Features

March 4, 2014  

Stalin’s successor is teaching

Russian tanks roll on a street in Tskhinvali, Georgia, in 2008. (Photo: AFP / Viktor Drachev)

Americans should learn

By Douglas Macgregor

President Obama warns that if Russia intervenes with military power to crush the new Ukrainian government in Kiev there will be a cost. Yet it’s hard to know what the U.S. president can actually do that would impress Russian President Vladimir Putin.

America’s post-Cold War surplus of military power is gone. It was squandered on occupations in Iraq and Afghanistan. The preoccupation with “irregular warfare,” the self-defeating interventions, and conflicts with insurgents that have no armies, no air forces, no air defenses and no naval strength — these have left the U.S. unprepared for current and future crises.

Shrinking the Army in favor of light infantry-centric, counterinsurgency-focused units has turned what’s left of the Regular Army into a large constabulary force. The failure to consolidate Army combat power through reorganization, to extract more fighting power from its remaining numbers has destroyed support for new, survivable combat platforms the Army needs. Capability depends on organization, technology and leadership, not just numbers.

In the Navy, shrinking defense dollars are diverted into amphibious carriers and service-unique jet aircraft for the Marine Corps at a point in time when slow, diesel-powered mini-aircraft carriers with minimal self-protection cannot operate in anything other than an extremely permissive environment. The Department of the Navy cannot afford two independent air forces that operate variants of the same aircraft or that field different aircraft for overlapping missions.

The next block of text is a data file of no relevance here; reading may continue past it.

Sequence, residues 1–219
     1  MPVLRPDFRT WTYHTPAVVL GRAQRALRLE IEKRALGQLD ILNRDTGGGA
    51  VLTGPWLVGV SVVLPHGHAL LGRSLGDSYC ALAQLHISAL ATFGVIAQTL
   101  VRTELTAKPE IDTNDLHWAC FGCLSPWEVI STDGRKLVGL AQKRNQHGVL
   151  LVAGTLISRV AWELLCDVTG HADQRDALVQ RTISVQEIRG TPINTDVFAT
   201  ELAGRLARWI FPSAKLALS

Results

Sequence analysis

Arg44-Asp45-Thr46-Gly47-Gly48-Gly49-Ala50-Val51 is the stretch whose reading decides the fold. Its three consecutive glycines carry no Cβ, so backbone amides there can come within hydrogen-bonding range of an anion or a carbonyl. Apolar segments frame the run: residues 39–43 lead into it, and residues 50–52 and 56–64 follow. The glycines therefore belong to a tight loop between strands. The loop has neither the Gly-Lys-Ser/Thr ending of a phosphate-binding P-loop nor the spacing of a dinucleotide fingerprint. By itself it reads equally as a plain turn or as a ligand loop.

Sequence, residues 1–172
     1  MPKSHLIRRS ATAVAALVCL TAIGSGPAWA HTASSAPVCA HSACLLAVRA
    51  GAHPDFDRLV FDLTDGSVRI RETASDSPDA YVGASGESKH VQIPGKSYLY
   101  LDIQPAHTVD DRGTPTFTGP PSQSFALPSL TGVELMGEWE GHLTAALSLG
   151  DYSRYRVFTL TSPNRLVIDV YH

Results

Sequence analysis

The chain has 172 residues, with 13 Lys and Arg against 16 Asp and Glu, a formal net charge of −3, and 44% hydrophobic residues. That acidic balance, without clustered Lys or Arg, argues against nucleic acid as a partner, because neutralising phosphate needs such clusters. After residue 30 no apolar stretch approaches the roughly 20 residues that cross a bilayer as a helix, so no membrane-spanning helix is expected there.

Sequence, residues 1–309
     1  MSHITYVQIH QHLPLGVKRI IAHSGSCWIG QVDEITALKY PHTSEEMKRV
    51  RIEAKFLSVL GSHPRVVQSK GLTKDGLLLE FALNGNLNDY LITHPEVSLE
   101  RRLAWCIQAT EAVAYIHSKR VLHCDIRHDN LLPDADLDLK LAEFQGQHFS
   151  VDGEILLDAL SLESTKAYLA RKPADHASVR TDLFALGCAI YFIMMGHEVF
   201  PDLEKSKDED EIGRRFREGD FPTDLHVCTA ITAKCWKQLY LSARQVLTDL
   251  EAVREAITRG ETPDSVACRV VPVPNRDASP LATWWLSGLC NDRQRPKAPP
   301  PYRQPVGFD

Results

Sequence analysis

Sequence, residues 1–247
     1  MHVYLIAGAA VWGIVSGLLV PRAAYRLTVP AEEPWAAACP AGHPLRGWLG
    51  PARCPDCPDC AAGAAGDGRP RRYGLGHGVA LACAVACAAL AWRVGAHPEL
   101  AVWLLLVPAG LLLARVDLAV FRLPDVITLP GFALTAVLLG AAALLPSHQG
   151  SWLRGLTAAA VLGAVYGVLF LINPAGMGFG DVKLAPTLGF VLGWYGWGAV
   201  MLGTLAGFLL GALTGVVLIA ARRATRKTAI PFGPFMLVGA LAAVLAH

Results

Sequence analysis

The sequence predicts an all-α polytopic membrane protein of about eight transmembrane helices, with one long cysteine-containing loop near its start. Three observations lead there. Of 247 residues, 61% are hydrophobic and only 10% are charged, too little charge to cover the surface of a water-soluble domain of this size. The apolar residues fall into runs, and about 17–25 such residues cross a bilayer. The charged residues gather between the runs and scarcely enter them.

The Air Force and Navy need strike weapons that are larger, faster, and have more penetrating power and lethality. Continental opponents like China or Russia would absorb the precision-guided missile strikes envisioned in Air-Sea Battle the way a sponge absorbs water.

And broadly, the way American military power is organized and commanded obstructs unity of effort and supports wasteful spending. The President and the Defense Secretary do not actually command the U.S. Armed Forces, they referee them. Because there is no national defense staff designed to assist the nation’s civilian leaders with the command and development of the armed forces, the American people depend on an ad hoc committee of service chiefs, combatant commanders, the Defense Secretary and the President for collective military leadership.

Putin understands unity of command. He has a national general staff and he commands the armed forces. He also knows that only ready, trained Army forces equipped with mobile armored firepower integrated with powerful air forces can initiate decisive offensive operations, punch through enemy resistance, encircle and destroy enemy forces. Secretary Hagel should know too, but he has deferred to the Army four-stars, men who treat the U.S. Army and its soldiers like an old tire, letting air out until money and people are provided to re-inflate it.